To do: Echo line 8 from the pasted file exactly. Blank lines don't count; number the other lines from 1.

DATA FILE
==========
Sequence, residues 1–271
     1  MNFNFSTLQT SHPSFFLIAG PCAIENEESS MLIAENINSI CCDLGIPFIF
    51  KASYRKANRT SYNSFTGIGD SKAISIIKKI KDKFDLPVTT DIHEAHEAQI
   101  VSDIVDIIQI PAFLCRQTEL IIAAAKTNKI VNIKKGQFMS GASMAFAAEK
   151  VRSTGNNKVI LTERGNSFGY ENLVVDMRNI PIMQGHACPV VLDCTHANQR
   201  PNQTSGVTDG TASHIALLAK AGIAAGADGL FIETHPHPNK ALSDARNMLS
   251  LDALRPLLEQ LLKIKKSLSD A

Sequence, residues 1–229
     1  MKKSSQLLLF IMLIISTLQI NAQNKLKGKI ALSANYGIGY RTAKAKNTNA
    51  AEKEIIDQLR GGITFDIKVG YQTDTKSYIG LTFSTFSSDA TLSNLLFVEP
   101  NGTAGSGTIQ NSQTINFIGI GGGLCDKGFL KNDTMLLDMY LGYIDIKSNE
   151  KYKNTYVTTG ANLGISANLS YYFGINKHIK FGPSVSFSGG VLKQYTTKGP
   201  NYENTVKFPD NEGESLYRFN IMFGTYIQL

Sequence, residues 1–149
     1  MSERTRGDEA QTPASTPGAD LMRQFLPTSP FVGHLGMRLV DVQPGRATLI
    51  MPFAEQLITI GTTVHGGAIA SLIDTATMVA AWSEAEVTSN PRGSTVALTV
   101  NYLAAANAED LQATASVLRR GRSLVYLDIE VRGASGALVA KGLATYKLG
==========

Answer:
Sequence, residues 1–229